The Sigiriya Frescoes were painted 1600 years ago on the western surface of Sigiriya Rock in Sri Lanka during the reign of King Kasyapa I who ruled between 477 — 495 AD.
Only nineteen frescoes survive today, located in a small sheltered depression a hundred meters above ground. Ancient graffiti scribbled on the Mirror Wall, however, refer to the existence of as many as five hundred of these frescoes covering an area in excess of 5600 sq. meters over the entire western surface of Sigiriya Rock.
These were portraits of ladies of King Kasyapa’s harem. Dressed in their finest, they were to be admired but not touched. Depicted as supernatural they are portrayed with flowers to shower upon the humans below. They were intended to evoke a sense of wonderment and to project the opulence and grandeur of Kasyapa, the all-powerful god-king.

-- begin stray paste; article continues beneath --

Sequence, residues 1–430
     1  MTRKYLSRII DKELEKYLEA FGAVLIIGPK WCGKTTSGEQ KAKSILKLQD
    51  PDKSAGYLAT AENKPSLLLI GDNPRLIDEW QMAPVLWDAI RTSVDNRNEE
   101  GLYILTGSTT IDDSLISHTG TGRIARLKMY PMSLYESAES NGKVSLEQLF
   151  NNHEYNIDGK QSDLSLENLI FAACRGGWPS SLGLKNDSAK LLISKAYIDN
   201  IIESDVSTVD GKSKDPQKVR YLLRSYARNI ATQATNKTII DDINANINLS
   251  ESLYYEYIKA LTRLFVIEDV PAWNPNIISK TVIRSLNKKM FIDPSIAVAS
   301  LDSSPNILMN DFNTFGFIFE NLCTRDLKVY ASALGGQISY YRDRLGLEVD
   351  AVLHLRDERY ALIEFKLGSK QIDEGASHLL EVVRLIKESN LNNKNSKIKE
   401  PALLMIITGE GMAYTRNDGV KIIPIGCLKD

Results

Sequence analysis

These spectacular paintings offer us a rare glimpse of ancient Sri Lankan art at its finest.
They are a celebration of beauty.
Read more at our Sigiriya website.